Lume awarded worldwide private grant to continue illuminating his art

Professor receives $25,000 from Gottlieb Foundation to help further develop his ephemeral light-based installations
​Jerry Poling | August 25, 2022

A major, worldwide grant has been awarded to a UW-Stout professor to help continue his exploration of light and how it interacts with the everyday objects of our world.

Charles Matson Lume, who teaches in UW-Stout’s School of Art and Design, has received a $25,000 award from the Adolph and Esther Gottlieb Foundation of New York. He was one of 20 artists from around the world out of 705 who applied to receive the Individual Support Grant.

“I am surprised, delighted and grateful,” Lume said. “Competition for funding for the arts is fierce and the pie is small. Therefore, it makes winning this award a little sweeter.”

Professor Charles Matson Lume teaches an art class at UW-Stout.
Charles Matson Lume, a UW-Stout art professor, has been awarded a $25,000 grant from the Adolph and Esther Gottlieb Foundation of New York. / UW-Stout

To qualify for the award, applicants needed 20 years of experience and had to submit images documenting their work over the course of their careers.

Lume has worked directly with light as a material for 24 years and indirectly for 30 years. A visual artist, his work highlights the interplay and intersections of light and matter, allowing the matter — or objects that we encounter daily — to speak in a sense.

“Like (Italian painter and printmaker) Giorgio Morandi, I noticed the objects I painted could speak. Their ‘thingliness’ and sense of light liberated something ineffable and true. Over time, I realized each thing had its own image — its shadow. I didn’t need to paint the thing; it had its own painting it carried around with it,” Lume said.

In 2008 he began to place objects on the floor and “had their image arise via light’s reflection or refraction. I continue to believe restraint and patience provide powerful guidance. Throughout all of this, my art has been shaped by poetry, beauty and a commitment to making ephemeral light installations.”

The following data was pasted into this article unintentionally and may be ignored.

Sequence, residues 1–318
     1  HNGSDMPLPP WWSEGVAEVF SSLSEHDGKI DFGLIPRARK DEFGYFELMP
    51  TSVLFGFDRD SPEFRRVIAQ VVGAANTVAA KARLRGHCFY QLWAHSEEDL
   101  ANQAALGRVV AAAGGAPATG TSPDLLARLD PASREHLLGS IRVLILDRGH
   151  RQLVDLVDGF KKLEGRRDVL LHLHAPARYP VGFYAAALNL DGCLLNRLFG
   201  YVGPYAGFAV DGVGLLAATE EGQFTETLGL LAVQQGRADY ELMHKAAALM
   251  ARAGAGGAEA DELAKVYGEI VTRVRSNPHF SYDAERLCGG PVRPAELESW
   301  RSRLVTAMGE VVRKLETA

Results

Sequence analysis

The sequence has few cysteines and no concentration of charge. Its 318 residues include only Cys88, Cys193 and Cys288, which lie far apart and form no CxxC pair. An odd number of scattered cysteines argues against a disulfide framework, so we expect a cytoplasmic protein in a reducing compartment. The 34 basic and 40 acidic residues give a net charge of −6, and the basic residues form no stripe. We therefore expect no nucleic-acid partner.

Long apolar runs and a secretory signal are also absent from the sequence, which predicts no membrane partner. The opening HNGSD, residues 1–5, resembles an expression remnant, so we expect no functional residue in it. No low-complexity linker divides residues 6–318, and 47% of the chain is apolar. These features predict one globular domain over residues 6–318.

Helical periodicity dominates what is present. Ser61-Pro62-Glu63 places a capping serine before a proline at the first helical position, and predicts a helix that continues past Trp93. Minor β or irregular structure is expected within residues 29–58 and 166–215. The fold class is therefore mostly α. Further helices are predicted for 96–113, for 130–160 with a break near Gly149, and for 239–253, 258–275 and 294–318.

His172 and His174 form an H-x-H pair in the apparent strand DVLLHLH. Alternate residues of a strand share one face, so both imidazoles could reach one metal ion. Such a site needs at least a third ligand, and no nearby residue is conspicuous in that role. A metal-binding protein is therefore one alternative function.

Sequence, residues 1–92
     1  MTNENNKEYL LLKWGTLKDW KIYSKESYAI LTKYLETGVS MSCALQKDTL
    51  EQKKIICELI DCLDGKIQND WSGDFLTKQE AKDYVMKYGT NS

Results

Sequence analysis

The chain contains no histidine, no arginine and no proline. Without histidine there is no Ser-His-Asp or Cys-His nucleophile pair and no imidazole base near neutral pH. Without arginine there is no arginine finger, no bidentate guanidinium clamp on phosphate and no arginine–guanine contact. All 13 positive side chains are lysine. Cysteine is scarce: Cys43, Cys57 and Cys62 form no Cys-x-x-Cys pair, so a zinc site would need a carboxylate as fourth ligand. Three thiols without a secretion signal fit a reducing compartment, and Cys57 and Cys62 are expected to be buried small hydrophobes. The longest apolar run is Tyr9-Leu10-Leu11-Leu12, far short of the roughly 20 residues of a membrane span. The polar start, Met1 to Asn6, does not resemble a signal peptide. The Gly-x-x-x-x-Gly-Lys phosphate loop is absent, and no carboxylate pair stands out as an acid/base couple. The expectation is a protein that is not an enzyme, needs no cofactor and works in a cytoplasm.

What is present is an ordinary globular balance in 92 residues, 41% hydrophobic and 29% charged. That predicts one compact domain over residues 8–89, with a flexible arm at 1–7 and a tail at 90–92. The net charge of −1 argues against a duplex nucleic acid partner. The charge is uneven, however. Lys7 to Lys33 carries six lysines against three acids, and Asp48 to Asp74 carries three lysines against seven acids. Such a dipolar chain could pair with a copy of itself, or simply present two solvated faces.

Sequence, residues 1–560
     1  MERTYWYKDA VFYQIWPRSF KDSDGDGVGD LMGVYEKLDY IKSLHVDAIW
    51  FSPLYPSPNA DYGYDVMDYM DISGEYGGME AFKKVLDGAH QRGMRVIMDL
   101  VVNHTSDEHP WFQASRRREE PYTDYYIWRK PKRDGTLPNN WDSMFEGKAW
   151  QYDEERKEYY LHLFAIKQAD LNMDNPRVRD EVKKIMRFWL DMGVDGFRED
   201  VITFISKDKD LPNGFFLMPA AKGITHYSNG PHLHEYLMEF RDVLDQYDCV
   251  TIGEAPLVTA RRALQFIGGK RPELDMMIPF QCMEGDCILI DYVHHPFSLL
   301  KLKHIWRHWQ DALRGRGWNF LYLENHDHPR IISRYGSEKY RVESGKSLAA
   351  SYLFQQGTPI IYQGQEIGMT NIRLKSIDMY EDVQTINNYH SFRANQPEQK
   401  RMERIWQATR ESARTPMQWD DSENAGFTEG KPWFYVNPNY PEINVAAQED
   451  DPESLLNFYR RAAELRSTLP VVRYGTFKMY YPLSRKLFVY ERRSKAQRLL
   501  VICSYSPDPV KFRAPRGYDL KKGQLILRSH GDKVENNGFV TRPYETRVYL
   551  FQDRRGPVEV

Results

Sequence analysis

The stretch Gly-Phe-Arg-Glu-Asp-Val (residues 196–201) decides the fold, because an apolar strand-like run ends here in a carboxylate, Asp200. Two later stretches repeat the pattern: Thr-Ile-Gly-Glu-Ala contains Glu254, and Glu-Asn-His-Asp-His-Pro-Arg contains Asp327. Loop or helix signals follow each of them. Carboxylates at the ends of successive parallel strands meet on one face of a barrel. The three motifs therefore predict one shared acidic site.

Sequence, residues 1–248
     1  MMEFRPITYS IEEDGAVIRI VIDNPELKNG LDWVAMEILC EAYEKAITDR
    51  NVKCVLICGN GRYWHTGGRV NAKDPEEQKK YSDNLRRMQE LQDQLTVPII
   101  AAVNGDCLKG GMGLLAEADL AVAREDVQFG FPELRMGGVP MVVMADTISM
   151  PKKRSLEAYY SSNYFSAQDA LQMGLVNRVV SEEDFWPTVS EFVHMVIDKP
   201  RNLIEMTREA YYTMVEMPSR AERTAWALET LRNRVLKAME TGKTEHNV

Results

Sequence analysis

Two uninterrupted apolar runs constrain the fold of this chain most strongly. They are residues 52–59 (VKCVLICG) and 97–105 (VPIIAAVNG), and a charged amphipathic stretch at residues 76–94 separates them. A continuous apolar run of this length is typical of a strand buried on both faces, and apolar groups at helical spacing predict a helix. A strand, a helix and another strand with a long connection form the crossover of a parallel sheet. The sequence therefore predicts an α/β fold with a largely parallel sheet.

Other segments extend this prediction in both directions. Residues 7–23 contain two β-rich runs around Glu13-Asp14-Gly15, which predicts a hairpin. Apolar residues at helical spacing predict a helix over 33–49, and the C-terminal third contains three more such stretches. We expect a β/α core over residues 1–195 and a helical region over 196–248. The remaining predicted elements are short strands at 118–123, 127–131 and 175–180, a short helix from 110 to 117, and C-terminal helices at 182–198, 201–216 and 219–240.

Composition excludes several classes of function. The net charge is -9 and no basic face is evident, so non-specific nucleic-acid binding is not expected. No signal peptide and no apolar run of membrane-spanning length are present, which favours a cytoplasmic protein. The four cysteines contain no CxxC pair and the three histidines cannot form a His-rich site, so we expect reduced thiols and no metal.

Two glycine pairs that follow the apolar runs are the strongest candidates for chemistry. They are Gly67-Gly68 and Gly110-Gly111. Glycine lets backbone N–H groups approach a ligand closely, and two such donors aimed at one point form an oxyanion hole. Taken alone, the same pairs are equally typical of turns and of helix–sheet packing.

Lume, of St. Paul, is indirectly following a path forged in the 1960s by California artists like Robert Irwin and James Turrell, who worked with light.

However, he has branched off to consider “material culture and how light interacts with it. Quotidian material is always around us and we are mostly unconscious of it. Often, we just throw it away. I'm curious what it might say provided the right lighting conditions.”
 

Lume’s art installation “what opens like a blaze of fire (for Joyce Sutphen and Galilee Peaches)” was at St. Catherine University in St. Paul in 2021.
Lume’s art installation “what opens like a blaze of fire (for Joyce Sutphen and Galilee Peaches)” was at St. Catherine University in St. Paul in 2021. / Contributed photo

Lume often dedicates his work to a poem or a poet who has inspired him, but his goal is not to illustrate a written work or capture something he’s seen or experienced.

Both of those paths seem uninteresting to me. Many times, I am discovering what light can do via materials' interaction with it. Light is quick silver. It is so slippery and nearly unmanageable. Light is also ephemeral, like us. Both are immortal for a limited time. This ancient truth lives in my art.”

The properties of light can help us see “how we fit into contexts, histories, ways of being. In a hurried and harried capitalistic world, perhaps one of the most radical acts is sensing,” Lume said.

His installations have been featured recently at the Minnesota Museum of American Art in Minneapolis; St. Catherine University in St. Paul; and at the Hearst Center for the Arts in Cedar Falls, Iowa.

During his career, his work has been exhibited at museums and galleries in Ireland, Norway, Finland and New York City, among other places. He has had fellowships from the Bush and Jerome foundations and the Minnesota State Arts Board and participated in artist residencies in five northern European countries and the U.S.

Lume has Master of Arts and Master of Fine Arts degrees in painting and drawing from UW-Madison.

The Gottlieb Foundation was founded after the 1974 death of Adolph Gottlieb, who began his career as an artist in New York in the 1920s and helped start the abstract expressionism movement.

The faculty at UW-Stout’s School of Art and Design, the largest in Wisconsin, helps students build theoretical and practical foundations in an applied learning environment and encourages personal development in six Bachelor of Fine Arts programs, two Bachelor of Science programs and a Master of Fine Arts in design.

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